All Saints: articles

In the beginning was the word

Johann Walraven and Andrew Supanz

Johann Walraven (left) and Andrew Supanz performing a scene from the 400th episode of All Saints.

Michael Idato follows the making of a milestone episode of All Saints, from the script to the final cut.

There is a delicious irony in the fact that great television comes not from moving images but from the written word. "The script is imperative and the most important thing is to get that as tight and as sound as possible," says actor-director Martin Sacks, who directed the 400th episode of All Saints, which airs this week on Seven.

The result is a taut, emotion-charged hour in which Cate (Alex Davies) and Jack (Wil Traval) cross scalpels with Mike (John Waters), while Bart (Andrew Supanz) grapples with two miscalculations - one that offers false hope to a patient and another that looks certain to steer the woman he loves into the arms of another man.

"The audience has to have a very strong emotional investment in characters, otherwise there's no reason to follow their journey," Sacks says. "Emotional investment in characters is something I'm very passionate about."

Sacks understands the character-audience paradigm better than most. Between 1994 and 2005 he performed in Blue Heelers as detective PJ Hasham, an audience favourite and one half of the show's most beloved couple.

Sacks moved into directing because he wanted a break from acting, although he acknowledges his new job is far more complex. Instead of heading up the woodwind section, he is now conductor of an intricately assembled orchestra. "It's not Lego; it's a living thing," he says.

In series television, Sacks says, time is the director's biggest enemy. It is a very different role from that of a film director. Instead of steering the full creative palette of the production, a jobbing television director has to yield some of the creative control to those who work on the show full-time - producers and, particularly with long-running shows, actors.

"The challenge is trying to pull together the script, the technical aspects and the performers to tell a clear and engaging story, with respect to where the show has travelled from and where it is heading. That's what you're hired to do," he says. "With an existing show like All Saints, it's very much about the writers, the cast and the crew. To be able to sustain that quality for so long is extraordinary, I think. It's not a one-off production - they have to come up with this every week and have done for a considerable length of time. They have to keep the cast and crew enthused and I think they do a brilliant job."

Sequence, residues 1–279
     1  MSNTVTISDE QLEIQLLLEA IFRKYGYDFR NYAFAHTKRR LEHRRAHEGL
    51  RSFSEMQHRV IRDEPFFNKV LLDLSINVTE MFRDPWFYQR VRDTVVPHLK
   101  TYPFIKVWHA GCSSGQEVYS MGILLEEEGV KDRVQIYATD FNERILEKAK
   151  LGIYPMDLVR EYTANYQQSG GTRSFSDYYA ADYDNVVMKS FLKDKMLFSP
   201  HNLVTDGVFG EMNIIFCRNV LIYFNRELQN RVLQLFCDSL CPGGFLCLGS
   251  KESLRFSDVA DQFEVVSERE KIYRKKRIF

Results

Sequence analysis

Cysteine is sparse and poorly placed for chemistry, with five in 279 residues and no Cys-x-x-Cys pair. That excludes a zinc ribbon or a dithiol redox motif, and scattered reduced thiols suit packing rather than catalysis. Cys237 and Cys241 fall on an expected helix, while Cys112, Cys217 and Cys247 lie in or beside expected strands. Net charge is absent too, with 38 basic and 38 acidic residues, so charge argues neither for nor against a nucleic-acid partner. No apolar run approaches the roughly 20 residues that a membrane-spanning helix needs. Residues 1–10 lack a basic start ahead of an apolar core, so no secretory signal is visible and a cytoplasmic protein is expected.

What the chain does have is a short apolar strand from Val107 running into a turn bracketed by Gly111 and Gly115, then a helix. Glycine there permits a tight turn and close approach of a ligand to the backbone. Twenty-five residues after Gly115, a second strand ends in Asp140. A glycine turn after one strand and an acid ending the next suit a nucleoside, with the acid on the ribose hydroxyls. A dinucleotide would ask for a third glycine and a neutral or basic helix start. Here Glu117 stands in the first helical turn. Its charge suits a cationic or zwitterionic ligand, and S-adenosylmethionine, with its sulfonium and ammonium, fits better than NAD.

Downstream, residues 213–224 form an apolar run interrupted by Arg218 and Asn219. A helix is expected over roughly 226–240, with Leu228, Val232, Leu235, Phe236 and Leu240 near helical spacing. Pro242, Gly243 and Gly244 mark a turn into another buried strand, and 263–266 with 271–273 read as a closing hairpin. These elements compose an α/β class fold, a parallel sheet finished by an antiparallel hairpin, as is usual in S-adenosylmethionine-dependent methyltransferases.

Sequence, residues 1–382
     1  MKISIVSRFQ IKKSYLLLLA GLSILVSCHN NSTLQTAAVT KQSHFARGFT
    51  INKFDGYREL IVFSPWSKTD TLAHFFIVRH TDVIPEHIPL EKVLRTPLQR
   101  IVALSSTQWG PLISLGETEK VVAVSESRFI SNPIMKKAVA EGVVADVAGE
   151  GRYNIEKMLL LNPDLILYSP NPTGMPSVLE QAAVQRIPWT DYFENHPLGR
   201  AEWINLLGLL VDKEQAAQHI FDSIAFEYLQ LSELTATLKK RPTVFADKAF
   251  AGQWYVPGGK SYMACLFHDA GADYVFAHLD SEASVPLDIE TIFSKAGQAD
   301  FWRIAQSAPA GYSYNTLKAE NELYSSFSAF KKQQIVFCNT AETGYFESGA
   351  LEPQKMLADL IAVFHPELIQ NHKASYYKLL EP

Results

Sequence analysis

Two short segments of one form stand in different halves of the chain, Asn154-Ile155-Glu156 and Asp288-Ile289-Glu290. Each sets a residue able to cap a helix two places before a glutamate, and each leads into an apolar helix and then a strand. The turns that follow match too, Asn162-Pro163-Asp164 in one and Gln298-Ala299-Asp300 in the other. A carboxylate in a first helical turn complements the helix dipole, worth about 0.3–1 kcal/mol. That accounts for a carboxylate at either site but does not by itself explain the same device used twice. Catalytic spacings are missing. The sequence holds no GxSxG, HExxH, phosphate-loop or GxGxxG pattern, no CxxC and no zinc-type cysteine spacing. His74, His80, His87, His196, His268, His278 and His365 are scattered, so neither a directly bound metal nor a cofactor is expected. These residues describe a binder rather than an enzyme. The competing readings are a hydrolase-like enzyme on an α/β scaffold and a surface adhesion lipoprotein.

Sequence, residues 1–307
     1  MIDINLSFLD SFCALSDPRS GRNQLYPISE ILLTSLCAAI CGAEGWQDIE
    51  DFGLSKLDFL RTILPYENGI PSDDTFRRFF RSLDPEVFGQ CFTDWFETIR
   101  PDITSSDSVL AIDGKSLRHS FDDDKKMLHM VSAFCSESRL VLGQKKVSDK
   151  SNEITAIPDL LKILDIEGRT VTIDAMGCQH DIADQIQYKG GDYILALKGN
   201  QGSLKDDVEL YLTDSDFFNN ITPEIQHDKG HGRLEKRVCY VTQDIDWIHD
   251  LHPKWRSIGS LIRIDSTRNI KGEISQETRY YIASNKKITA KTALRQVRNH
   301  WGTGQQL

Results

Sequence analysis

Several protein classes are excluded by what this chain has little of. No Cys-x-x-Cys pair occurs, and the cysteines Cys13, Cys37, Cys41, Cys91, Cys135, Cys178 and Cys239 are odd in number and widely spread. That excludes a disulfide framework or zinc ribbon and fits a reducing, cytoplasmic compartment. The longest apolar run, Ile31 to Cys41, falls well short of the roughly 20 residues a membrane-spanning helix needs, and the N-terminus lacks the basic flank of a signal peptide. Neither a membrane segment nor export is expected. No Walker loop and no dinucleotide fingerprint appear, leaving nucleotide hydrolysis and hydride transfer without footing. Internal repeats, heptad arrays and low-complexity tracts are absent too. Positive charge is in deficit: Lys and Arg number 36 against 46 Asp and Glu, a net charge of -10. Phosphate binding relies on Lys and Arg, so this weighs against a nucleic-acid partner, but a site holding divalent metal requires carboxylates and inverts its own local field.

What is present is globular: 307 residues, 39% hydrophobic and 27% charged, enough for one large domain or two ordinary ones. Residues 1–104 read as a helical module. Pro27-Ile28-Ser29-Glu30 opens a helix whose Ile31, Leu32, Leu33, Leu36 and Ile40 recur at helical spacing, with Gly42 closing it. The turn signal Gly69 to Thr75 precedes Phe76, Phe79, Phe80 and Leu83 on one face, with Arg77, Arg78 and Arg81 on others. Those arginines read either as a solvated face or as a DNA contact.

The storyline for the 400th episode, titled Pressure Point, was developed almost six months ago. The script was delivered in April and tabled at a "script polish" meeting at the show's production office in Seven's Epping studio. Executive producer Bill Hughes describes it as the script's "second-last gasp" before it is filmed. At the meeting were Hughes, Sacks and a handful of production executives, including script producer Louise Crane-Bowes and script editor Blake Ayshford.

"You want to be making the same episode as everyone else and you hope your take on the episode is shared by everyone around the table," Sacks says. "If that's not the case, it's not such a bad thing because it can stimulate some robust discussion but it's a process that needs to be completed. I don't think I've ever walked in and said, 'This is perfect - don't change a word.' "

Sacks describes the process as entirely collaborative. "As a director you have to pull it together and the responsibility is on your shoulders, as far as the end result goes, but I am very aware of the contribution from everybody and I think the old saying, 'It doesn't matter whose idea it is as long as it's the best one', comes in to play there. You need to be open to suggestions and I think my gut feeling tells me if it's right or wrong."

A week later the cast assembled on a cold morning just after dawn in a large rehearsal space for the "read through" - a seated, chatty stroll (with coffee) through the script, which is designed to give the director, producers and writers an opportunity to hear what the lines sound like.

"It can expose things to everyone," Sacks says. "There might be script problems, lines or scenes which are dramatically not holding you ... There is no time to sit around and have a discussion on the set while you're shooting; you need to iron out problems before you get there. Coming from acting, I really enjoy that process with the actors because for them that's the time to play and maybe discover something new."

The script-to-screen process allows the cast and crew to finetune every nuance of the episode but nothing prepares you for the power of the moving images in the final cut. Reading Bart's anguish at his mistake does not compare to watching Supanz give it expression. "The final cut can sometimes be quite different to the episode as you saw it in your mind," Sacks says. "And in a positive way because sometimes you get a whole different curve ball on something or a way of seeing the characters that can be far better than you ever imagined."

The 400th episode of All Saints airs on Seven on Tuesday at 8.30pm.

By Michael Idato
July 30, 2007
Sydney Morning Herald